In the blue twilight of the evening of Tuesday, October 17, 2023, a warm glow emitted from the doors of the St. Andrew Memorial Church in South Bound Brook, New Jersey, as the clergy and guests made their way to the church. The main entry way was flanked by yellowing trees towering over dozens of panels depicting the fallen warriors of Ukraine. A sign of the reality and brutality of a war inflicted upon Ukraine and the world by the Russian Federation.
Leaving behind the darkness of the fallen world, the faithful found solace and inside the church, beneath the loving gaze of the large mosaic icon of Christ. Having attended the second day of the Annual Clergy Conference of the Ukrainian Orthodox Church of Ukraine, the church was filled by men ordained to serve in the Lord’s vineyard, men who took an oath to preach and teach and bring those entrusted to them to salvation in Christ.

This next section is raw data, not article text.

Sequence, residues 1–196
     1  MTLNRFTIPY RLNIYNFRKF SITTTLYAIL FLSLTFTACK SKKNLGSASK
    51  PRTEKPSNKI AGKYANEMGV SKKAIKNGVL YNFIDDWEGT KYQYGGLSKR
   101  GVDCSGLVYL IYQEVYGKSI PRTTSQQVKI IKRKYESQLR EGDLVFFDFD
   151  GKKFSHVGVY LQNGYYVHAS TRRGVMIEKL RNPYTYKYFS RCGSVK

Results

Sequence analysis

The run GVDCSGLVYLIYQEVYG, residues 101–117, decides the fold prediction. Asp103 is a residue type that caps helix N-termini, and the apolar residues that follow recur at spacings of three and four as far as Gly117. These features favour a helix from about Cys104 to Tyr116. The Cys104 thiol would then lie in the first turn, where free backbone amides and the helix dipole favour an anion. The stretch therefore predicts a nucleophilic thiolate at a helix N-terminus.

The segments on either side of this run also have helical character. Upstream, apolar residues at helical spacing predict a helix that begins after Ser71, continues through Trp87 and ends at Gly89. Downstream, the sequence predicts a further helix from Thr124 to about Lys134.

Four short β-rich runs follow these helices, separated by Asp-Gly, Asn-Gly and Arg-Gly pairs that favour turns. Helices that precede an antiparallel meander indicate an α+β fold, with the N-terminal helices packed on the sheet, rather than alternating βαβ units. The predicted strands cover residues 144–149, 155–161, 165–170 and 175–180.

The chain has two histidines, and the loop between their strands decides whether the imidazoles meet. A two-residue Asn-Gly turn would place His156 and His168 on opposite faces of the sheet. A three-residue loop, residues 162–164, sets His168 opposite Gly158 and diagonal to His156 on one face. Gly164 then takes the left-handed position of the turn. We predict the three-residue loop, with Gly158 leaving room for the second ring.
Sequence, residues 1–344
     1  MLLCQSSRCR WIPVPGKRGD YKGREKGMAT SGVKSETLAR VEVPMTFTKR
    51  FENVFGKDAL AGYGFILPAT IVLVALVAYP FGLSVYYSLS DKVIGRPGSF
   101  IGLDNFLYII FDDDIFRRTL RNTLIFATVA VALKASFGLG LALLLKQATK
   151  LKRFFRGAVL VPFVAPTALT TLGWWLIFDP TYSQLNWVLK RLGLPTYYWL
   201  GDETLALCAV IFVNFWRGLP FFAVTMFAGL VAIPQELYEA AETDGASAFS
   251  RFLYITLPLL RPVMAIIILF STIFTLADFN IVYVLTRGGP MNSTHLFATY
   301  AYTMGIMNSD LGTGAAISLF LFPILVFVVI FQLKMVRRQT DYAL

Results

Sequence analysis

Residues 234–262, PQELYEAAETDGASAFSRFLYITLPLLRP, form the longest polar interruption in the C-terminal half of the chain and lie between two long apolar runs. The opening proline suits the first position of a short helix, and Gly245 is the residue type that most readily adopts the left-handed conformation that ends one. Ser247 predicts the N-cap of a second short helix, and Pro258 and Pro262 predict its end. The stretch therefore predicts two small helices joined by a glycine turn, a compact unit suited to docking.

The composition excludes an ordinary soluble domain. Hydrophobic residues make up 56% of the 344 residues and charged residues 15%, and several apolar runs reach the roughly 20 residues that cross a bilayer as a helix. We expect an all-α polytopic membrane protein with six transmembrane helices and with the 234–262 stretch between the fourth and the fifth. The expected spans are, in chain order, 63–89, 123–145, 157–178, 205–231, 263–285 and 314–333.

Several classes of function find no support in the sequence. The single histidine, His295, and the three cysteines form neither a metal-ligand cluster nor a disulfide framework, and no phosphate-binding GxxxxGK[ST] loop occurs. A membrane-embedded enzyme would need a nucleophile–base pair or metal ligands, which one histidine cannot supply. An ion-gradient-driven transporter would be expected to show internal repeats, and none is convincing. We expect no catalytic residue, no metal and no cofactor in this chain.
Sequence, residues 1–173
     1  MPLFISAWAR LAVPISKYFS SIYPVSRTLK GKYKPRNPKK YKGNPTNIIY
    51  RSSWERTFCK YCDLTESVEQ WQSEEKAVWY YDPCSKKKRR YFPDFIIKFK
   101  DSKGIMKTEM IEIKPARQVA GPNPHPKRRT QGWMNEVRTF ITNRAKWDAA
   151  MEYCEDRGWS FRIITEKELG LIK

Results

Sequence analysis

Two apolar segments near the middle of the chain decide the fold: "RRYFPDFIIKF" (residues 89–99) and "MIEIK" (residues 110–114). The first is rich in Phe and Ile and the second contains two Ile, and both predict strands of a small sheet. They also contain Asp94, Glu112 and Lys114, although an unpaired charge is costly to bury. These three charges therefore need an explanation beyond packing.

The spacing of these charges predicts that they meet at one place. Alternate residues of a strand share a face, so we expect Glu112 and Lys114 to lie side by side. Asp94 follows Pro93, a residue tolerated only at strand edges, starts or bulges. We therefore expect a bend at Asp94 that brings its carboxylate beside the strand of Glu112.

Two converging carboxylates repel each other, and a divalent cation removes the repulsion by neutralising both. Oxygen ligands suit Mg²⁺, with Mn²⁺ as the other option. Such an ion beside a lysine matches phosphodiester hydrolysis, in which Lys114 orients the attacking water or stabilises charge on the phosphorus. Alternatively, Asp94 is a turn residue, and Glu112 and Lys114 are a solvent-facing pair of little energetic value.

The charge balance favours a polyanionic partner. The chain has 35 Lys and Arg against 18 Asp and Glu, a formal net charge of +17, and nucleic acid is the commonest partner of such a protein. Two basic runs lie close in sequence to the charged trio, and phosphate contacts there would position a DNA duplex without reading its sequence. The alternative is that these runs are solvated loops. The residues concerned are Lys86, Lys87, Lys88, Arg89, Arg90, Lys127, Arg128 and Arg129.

Tonight, the clergy gathered for just that purpose. Joining His Eminence Metropolitan Antony, Prime Hierarch of the Ukrainian Orthodox Church of USA and the Diaspora, and His Eminence Archbishop Daniel, Ruling Hierarch of the Western Eparchy of the UOC of the USA and Consistory President, the clergy prayed for the protection, guidance, and salvation of the Church’s youth.
Earlier in the year, under the direction of Mrs. Natalie Kapeluck-Nixon, Director of the UOC Youth Ministry, the children cast their votes to pick two patron saints for the youth of the Church. Much consideration went into the voting process, ensuring that the lives of the various saints were read and understood. After the ballots were counted, the Director announced that Saints Christina of Tyre and Saint Julian of Tarsus would be the patron saints of the youth of the UOC of the USA.